Tag: Lou Marson

Best way for Phils to get ahead may be to get ahead

WC Fields once said, “There are only two real ways to get ahead today — sell liquor or drink it.” In baseball at least, you can also throw strike one.

In Sunday night’s post I pointed out that the Phillies give up both a lot and a high percentage of their home runs on the first pitch. Today’s post will take a look at how often NL teams got ahead or behind in the count on the first pitch. Later this week I’ll look at which teams got the best results by getting ahead in the count on the first pitch.

After the first pitch of a plate appearance, the plate appearance can be over or the count can be 1-0 or 0-1. The chart below shows how often each of those things happened for the NL teams last season. For each team it shows, for the batters they faced, how many had their plate appearance end on one pitch, how many of them the team’s pitchers got behind 1-0 and how many they got ahead of 0-1 (and their NL rank for each of those categories):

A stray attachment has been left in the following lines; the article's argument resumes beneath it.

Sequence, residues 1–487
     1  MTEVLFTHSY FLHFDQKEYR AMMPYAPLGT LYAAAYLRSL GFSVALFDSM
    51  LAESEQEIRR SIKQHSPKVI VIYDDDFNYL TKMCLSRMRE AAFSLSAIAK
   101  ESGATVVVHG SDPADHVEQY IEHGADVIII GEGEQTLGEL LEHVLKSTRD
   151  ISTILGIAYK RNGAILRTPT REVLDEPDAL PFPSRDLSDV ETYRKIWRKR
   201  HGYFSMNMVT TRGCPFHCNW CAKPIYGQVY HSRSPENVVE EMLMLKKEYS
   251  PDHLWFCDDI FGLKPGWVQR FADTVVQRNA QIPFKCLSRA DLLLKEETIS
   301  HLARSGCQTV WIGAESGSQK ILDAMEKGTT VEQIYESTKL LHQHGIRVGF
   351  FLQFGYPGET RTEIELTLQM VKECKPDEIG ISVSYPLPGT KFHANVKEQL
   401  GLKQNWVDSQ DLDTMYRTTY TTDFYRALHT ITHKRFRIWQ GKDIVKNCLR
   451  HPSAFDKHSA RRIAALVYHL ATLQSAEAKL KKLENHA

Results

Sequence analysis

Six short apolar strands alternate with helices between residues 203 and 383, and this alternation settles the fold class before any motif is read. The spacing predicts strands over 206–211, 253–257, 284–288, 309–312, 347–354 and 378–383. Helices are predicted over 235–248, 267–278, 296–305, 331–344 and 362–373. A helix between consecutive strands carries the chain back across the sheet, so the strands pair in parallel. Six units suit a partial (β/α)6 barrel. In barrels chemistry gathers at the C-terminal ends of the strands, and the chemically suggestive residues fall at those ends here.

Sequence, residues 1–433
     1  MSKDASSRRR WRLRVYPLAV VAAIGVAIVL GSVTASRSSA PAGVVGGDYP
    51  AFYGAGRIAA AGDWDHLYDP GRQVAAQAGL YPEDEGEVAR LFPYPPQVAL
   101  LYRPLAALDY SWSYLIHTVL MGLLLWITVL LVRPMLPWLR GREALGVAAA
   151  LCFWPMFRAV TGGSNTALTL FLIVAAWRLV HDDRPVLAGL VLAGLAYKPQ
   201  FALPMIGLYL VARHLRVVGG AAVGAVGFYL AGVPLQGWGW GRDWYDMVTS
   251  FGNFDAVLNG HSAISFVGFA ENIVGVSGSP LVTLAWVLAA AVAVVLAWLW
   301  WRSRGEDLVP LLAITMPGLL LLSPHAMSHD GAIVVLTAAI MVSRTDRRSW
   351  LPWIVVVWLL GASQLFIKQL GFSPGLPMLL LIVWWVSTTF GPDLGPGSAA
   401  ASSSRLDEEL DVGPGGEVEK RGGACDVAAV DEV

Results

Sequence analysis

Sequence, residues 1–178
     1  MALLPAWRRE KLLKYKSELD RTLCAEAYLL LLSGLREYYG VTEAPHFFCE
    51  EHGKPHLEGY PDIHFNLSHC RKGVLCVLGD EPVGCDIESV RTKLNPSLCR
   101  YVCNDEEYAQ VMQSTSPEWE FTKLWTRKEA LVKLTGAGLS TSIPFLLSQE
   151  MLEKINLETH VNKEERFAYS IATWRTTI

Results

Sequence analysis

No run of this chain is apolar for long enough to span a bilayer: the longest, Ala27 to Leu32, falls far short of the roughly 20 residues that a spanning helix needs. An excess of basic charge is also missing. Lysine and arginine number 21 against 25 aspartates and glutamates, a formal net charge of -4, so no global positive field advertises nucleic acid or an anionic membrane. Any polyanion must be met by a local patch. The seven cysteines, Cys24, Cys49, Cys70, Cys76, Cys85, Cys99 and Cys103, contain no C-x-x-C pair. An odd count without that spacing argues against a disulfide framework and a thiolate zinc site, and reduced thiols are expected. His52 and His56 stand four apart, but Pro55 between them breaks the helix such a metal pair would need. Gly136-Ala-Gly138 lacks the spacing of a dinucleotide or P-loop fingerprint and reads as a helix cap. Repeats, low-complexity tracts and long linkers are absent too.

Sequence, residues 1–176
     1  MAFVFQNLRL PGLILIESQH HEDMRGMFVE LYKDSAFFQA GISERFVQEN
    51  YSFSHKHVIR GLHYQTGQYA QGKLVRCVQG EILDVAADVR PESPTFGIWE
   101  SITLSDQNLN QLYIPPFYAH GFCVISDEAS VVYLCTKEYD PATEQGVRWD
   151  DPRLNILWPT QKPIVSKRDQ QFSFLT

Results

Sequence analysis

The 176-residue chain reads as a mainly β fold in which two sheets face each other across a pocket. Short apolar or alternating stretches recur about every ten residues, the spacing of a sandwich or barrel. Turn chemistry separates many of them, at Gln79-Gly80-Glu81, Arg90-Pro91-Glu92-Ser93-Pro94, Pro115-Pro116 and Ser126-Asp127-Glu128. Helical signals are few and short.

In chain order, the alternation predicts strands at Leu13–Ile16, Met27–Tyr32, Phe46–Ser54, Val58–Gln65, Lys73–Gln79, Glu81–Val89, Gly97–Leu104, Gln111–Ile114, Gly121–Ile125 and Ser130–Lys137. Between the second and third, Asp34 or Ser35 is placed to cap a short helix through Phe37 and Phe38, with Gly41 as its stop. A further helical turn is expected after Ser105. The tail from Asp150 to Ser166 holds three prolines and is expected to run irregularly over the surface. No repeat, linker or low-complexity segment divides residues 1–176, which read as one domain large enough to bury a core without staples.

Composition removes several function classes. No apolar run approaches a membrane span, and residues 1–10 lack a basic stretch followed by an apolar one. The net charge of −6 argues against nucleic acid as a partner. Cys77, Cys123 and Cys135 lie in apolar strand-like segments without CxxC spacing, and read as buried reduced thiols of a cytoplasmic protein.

Team %
one-pitch
Rank % 1-0 Rank % 0-1 Rank
CHI 11.4 9 41.2 6 47.4 6
PHI 12.5 2 41.0 5 46.5 11
SFG 10.6 15 42.7 15 46.6 10
SDP 11.8 8 41.5 8 46.7 9
HOU 12.6 1 39.8 2 47.6 5
STL 11.9 7 40.3 3 47.8 4
NYM 11.4 11 41.4 7 47.2 7
WSN 11.2 12 42.4 13 46.4 13
ARI 12.2 4 38.1 1 49.6 1
LAD 11.4 10 40.4 4 48.2 2
COL 11.9 6 41.7 10 46.4 12
PIT 12.3 3 44.2 16 43.5 16
MIL 12.1 5 41.7 11 46.2 14
CIN 10.4 16 41.5 9 48.1 3
FLA 11.2 13 42.7 14 46.1 15
ATL 11.0 14 42.1 12 46.9 8